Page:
New Position Statement on Trauma-Responsive Care for Youth


The National Commission on Correctional Health Care has issued a new directive for trauma-responsive care for children and adolescents in correctional facilities.



The NCCHC Governance Board recently adopted a new position statement on the topic of trauma-responsive care for children and adolescents in correctional facilities.1

“For corrections administrators, staff, and health professionals, trauma-responsive care is one of the most critical services we can provide to help youth who have been incarcerated restore their resilience,” said Jennifer Clifton, DNP, FNP-BC, CCHP-A, an associate professor and interim associate dean at the University of Utah College of Nursing.2

According to Heather Forkey, MD; Jessica Griffin, PsyD; and Moira Szilagyi, MD, PhD, in their book Childhood Trauma and Resilience: A Practical Guide, published by the American Academy of Pediatrics, trauma-informed care is “a strength-based framework that is grounded in an understanding of and responsiveness to the impact of trauma: emphasizes physical, psychological, and emotional safety for both providers and survivors; and creates opportunities for survivors to build a sense of control and empowerment.”

Trauma-informed systems provide a framework that has been shown to contribute to improved client outcomes and decreased staff burnout in various settings.

“Trauma-responsive care takes trauma-informed care a step further,” Clifton said. “Trauma-responsive care involves an organizational commitment in the form of concrete policy and procedure changes; it has emerged as the most beneficial framework for treating traumatized individuals.”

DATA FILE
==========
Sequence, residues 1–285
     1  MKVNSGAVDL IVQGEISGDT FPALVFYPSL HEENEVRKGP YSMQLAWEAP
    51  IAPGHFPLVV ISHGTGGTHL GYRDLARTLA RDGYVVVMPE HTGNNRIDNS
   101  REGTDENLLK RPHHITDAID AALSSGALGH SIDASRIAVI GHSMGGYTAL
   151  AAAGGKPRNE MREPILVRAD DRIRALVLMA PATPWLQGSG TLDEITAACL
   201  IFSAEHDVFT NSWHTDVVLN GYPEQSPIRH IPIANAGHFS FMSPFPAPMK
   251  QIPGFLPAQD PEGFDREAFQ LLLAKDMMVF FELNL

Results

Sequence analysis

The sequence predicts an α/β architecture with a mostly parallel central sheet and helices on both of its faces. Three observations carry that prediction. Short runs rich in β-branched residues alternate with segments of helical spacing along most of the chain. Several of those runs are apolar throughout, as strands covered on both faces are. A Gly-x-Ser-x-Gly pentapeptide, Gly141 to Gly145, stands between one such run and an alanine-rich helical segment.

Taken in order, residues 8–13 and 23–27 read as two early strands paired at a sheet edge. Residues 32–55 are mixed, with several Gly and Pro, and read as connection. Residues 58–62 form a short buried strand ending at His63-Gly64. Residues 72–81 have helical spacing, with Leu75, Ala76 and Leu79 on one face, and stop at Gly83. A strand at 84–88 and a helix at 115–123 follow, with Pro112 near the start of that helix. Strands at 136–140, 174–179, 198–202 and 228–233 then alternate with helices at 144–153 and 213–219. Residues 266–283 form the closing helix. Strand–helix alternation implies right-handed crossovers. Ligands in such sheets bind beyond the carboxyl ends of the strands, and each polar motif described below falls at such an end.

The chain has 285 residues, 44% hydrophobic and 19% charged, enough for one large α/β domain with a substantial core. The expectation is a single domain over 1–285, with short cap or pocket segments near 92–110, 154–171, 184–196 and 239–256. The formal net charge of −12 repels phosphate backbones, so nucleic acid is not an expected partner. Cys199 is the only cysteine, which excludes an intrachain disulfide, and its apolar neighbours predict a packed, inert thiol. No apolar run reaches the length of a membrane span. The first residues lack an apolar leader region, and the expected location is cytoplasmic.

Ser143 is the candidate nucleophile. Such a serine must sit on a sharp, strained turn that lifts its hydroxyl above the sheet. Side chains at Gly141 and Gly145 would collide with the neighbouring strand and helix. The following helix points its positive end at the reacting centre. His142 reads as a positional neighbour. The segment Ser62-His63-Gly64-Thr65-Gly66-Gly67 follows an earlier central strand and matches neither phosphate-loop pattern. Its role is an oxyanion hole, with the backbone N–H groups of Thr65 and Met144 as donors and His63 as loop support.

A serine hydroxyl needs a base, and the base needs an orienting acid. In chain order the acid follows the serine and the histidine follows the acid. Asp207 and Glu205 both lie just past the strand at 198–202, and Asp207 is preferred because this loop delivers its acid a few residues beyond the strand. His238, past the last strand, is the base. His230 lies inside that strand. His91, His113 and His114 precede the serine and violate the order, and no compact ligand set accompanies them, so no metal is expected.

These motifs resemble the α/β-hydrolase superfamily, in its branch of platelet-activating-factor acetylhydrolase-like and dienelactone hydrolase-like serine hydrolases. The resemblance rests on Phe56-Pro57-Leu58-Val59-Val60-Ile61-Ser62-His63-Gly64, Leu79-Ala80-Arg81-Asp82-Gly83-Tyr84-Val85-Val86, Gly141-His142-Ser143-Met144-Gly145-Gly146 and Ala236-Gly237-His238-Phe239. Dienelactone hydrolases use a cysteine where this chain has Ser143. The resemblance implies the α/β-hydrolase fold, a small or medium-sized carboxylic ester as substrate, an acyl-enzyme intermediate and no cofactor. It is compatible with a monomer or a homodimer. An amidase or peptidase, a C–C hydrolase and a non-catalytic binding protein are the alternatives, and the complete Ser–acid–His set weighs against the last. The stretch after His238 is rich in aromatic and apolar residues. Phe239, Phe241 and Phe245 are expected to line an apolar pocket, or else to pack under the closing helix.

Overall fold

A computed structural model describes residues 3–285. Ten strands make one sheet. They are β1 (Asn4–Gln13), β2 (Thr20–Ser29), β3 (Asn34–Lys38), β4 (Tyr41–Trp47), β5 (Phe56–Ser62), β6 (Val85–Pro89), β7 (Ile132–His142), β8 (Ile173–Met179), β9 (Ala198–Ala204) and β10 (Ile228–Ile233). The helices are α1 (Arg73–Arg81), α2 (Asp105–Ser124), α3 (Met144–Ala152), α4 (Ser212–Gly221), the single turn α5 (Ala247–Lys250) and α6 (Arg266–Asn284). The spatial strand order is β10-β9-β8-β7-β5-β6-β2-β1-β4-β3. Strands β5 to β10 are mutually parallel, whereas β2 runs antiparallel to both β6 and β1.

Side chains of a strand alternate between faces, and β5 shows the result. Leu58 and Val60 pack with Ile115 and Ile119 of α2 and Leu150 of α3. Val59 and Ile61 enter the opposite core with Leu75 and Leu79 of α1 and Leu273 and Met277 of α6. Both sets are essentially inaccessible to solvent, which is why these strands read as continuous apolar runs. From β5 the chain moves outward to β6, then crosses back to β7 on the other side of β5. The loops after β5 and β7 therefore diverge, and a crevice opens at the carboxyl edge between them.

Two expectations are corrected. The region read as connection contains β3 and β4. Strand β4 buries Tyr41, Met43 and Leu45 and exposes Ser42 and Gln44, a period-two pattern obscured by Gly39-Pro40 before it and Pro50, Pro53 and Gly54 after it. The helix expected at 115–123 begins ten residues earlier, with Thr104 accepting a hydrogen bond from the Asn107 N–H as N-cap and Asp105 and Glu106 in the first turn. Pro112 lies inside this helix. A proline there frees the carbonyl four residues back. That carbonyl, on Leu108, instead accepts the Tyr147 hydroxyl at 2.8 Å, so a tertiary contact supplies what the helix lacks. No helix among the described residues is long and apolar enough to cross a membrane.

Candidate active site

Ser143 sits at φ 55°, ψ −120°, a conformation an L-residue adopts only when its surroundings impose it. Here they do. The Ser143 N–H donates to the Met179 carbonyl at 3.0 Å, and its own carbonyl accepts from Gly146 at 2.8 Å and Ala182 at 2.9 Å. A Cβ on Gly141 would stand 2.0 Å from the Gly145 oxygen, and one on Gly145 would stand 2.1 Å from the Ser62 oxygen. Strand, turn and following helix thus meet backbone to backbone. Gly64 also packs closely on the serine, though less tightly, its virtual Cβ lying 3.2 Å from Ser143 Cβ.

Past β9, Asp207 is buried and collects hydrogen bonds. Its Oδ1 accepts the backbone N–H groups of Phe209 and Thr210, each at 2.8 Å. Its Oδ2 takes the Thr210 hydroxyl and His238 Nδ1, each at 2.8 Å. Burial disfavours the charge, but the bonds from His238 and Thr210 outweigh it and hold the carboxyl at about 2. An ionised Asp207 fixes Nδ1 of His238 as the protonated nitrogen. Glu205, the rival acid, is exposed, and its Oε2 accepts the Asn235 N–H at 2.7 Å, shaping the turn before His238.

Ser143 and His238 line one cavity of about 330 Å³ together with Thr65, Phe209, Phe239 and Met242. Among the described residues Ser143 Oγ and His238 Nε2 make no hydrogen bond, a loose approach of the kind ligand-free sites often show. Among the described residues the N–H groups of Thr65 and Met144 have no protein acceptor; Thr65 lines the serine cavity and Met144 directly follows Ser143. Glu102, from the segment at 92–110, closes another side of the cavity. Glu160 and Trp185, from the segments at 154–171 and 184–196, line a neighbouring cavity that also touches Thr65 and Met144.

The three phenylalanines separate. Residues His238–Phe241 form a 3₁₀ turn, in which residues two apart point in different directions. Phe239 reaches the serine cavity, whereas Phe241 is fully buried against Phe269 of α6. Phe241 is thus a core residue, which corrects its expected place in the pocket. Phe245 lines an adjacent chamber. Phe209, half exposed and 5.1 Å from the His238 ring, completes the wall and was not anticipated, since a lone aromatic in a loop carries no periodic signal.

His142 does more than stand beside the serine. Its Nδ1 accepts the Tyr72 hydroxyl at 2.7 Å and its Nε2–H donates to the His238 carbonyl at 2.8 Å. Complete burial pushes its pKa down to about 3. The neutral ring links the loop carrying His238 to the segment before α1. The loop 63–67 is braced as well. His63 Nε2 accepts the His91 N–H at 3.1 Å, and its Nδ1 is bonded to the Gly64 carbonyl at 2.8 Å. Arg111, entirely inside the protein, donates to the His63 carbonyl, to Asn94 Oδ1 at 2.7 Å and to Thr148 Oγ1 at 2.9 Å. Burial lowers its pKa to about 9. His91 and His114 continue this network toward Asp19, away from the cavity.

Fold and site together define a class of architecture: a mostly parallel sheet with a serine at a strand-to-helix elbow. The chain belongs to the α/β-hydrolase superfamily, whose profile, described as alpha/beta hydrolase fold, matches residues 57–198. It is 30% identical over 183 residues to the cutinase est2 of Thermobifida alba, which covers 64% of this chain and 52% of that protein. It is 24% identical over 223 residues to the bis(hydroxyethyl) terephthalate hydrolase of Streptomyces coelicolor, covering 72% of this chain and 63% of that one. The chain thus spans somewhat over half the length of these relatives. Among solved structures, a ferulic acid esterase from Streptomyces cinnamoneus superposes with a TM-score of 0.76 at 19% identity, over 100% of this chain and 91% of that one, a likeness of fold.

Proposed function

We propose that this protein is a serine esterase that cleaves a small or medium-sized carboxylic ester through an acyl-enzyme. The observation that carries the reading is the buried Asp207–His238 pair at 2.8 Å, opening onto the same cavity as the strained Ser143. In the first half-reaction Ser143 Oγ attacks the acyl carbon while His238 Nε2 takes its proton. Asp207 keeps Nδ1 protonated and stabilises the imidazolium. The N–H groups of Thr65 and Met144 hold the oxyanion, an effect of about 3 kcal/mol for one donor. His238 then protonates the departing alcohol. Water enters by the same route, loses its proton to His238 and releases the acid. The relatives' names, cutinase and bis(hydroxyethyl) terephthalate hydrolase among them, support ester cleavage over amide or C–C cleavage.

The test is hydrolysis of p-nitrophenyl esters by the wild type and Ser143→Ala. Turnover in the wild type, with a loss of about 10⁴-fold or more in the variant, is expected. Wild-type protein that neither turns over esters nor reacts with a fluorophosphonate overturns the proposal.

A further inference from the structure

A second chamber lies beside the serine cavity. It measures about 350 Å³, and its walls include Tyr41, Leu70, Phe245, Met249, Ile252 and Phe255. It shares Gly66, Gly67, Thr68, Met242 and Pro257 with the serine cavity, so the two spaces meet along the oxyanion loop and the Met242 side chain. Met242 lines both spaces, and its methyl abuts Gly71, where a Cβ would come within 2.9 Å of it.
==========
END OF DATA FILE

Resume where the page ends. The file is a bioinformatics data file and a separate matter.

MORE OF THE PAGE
The 5 core values of trauma-responsive care are:






By focusing on these values, clinicians can shift the paradigm from “What is wrong with them?” to “What happened to them?” This can create an environment aimed at rehabilitation rather than punishment for youth.

The new position statement directs all correctional facilities and auxiliary entities who serve youth to develop and maintain a trauma-responsive care model.

Facilities should also form Guide Teams of trauma experts, including residents from a target population, to lead and instruct staff, administrators, and health care providers on trauma-responsive care. Further, all employees of the juvenile correctional facility should be provided with the educational resources and mentors needed to help navigate a trauma-responsive approach. This includes a facility-wide cultural emphasis on employee self-care activities to combat compassion fatigue and burnout.

The trauma-responsive approach may also involve cultural and policy shifts to support a therapeutic environment, including redesigning the facility setting to eliminate negative or threatening language and providing a calming and comfortable milieu, Clifton shared.

By taking into account the effects of stress, adversity, and trauma on an adolescent’s mental and physical health, correctional settings can best utilize a multifaceted trauma-responsive approach.

“One of the aspects of adolescent care I relish most is the ability to make a positive impact on the youth we serve through our words and actions,” said Clifton. “Learning the skills of trauma-responsive approaches to care helps us to help them—and isn’t that what it’s all about?”


1. Trauma-responsive care for youths in correctional facilities. National Commission on Correctional Health Care. August 2022. Accessed September 2, 2022.

2. Clifton J. Moving from “what’s wrong with them?” to “what happened to them?” National Commission on Correctional Health Care. August 22, 2022. Accessed September 2, 2022.

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